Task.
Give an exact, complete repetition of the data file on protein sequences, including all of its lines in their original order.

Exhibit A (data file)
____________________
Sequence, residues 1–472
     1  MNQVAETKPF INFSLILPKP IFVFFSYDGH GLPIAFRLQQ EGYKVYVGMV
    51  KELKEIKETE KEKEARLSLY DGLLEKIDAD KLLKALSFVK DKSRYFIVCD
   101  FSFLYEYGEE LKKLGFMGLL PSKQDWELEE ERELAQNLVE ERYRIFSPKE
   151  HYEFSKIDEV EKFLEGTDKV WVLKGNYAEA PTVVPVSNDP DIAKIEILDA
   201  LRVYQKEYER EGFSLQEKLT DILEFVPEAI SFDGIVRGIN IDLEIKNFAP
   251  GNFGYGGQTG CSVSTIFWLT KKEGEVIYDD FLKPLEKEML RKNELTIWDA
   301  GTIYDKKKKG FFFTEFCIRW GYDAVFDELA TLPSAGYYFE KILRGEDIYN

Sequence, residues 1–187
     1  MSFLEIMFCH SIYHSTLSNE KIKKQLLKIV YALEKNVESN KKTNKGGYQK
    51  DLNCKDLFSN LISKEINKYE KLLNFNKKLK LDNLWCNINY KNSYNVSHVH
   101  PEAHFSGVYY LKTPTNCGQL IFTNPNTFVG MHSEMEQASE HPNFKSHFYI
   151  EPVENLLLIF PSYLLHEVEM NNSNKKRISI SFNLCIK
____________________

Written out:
Sequence, residues 1–472
     1  MNQVAETKPF INFSLILPKP IFVFFSYDGH GLPIAFRLQQ EGYKVYVGMV
    51  KELKEIKETE KEKEARLSLY DGLLEKIDAD KLLKALSFVK DKSRYFIVCD
   101  FSFLYEYGEE LKKLGFMGLL PSKQDWELEE ERELAQNLVE ERYRIFSPKE
   151  HYEFSKIDEV EKFLEGTDKV WVLKGNYAEA PTVVPVSNDP DIAKIEILDA
   201  LRVYQKEYER EGFSLQEKLT DILEFVPEAI SFDGIVRGIN IDLEIKNFAP
   251  GNFGYGGQTG CSVSTIFWLT KKEGEVIYDD FLKPLEKEML RKNELTIWDA
   301  GTIYDKKKKG FFFTEFCIRW GYDAVFDELA TLPSAGYYFE KILRGEDIYN

Sequence, residues 1–187
     1  MSFLEIMFCH SIYHSTLSNE KIKKQLLKIV YALEKNVESN KKTNKGGYQK
    51  DLNCKDLFSN LISKEINKYE KLLNFNKKLK LDNLWCNINY KNSYNVSHVH
   101  PEAHFSGVYY LKTPTNCGQL IFTNPNTFVG MHSEMEQASE HPNFKSHFYI
   151  EPVENLLLIF PSYLLHEVEM NNSNKKRISI SFNLCIK